No matter where he went, he felt welcomed — and safe — he says. He traveled light, taking only two sets of clothes with him on his journey, along with his camera gear and two laptops. His favorite spot on the trip was Fatehpur Sikri, India, where he said he loved the way the mosque looked at sunrise and sunset. He was equally enthusiastic about Turkey: “People are incredibly friendly,” he said.
Brown’s journey was a whirlwind of activity, in and out of each city in a matter of days as he kept to a long list of places he wanted to go.
“I didn’t camp out in these places and wait for a shot,” he says. “They’re everyday pictures.” He points to a man praying at a mosque about an hour away from the Taj Mahal in India, noting that the man is at the mosque praying every day. “If people want to see these things,” he says, “they’re there.”
Brown included a small picture of the Taj Mahal itself in the exhibition as a reference to the Muslim ruler who had it built in the 17th century, noting that many people overlook that part of the structure’s history. “It seems so obvious,” he says. “But it’s not to many.”
Brown also included in the exhibition a photograph of a mosque that surprised him: The Islamic Center in Washington. He was stunned to find such an intricate, beautiful mosque in Washington, and impressed to see how intimate the large mosque felt.
“I wasn’t expecting this to be so elaborate and this old,” he says. “The only places I’d seen these elaborate, well-funded mosques were in all these other places we’d gone. A lot of it’s just me and my own ignorance. The vast majority of my Muslim world travels took place outside the U.S.,” so a photography trip exploring Muslim culture in the United States could be next.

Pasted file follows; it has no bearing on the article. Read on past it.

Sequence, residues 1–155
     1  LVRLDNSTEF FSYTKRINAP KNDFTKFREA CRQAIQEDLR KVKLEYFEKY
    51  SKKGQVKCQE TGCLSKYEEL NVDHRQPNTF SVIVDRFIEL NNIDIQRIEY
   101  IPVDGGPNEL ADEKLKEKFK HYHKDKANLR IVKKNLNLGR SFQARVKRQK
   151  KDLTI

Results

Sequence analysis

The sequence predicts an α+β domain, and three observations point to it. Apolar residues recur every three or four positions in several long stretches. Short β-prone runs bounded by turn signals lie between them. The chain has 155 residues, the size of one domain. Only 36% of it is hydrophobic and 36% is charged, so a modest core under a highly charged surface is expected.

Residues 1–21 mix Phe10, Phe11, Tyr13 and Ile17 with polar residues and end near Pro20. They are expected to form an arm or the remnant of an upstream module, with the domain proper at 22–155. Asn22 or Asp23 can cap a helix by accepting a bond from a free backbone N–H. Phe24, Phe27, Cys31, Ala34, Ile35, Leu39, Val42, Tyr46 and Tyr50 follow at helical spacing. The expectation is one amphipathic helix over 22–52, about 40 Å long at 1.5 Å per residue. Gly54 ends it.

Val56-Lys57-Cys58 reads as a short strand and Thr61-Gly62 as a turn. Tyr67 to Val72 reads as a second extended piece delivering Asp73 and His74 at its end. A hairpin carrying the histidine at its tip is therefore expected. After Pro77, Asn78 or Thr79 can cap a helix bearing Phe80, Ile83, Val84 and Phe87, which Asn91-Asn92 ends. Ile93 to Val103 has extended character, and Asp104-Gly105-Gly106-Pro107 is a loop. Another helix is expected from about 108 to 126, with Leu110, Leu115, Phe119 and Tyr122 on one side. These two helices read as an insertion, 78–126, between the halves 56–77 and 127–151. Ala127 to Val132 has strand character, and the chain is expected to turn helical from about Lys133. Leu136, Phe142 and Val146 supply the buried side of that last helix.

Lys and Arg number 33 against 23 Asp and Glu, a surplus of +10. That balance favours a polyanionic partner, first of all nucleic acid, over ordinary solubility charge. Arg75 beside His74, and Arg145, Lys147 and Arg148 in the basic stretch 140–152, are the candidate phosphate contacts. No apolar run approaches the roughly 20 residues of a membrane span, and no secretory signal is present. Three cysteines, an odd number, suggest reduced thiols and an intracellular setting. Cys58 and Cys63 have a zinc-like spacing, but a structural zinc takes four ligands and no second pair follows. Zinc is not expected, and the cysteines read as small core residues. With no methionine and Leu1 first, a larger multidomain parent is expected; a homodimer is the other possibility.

Brown first started taking travel pictures in the mid-1990s with a 1.2-megapixel point-and-shoot camera. Every year, when he went on vacation, he bought himself a better camera. He worked a variety of jobs, ranging from managing a Starbucks coffee shop to doing customer service for a website. In 2005, he moved to Hong Kong and started working as a travel photographer full time. He never studied photography officially, aside from a single class.
Brown moved to Washington in mid-2010. He started hanging out at Busboys and Poets, originally because it had a fast Internet connection for uploading pictures. But the more time he spent in the café, the more he realized it was the perfect place for his exhibition.
“Take a look,” he says, gesturing to a corner of the restaurant where two Buddhist monks, clad in their bright orange robes, are standing near other patrons wearing jeans, chatting and eating sweet potato fries or drinking coffee and working on their laptops. “It’s the real deal.”
Brown hopes that his exhibition will help change the way people think Muslims are, and the way they actually live their lives. “I want to try to close this gap,” he says. “People think, ‘Muslim equals terrorist.’ That isn’t true.”
Shallal, the Busboys and Poets owner, said he’s heard many positive responses from customers and visitors who’ve come to see Brown’s work.
“It’s been very thought-provoking for a lot of people,” he says. “I’ve been really heartened by the response that we’ve received. People have really enjoyed looking at it and talking about it.”
(This is a product of the Bureau of International Information Programs, U.S. Department of State. Web site: http://www.america.gov)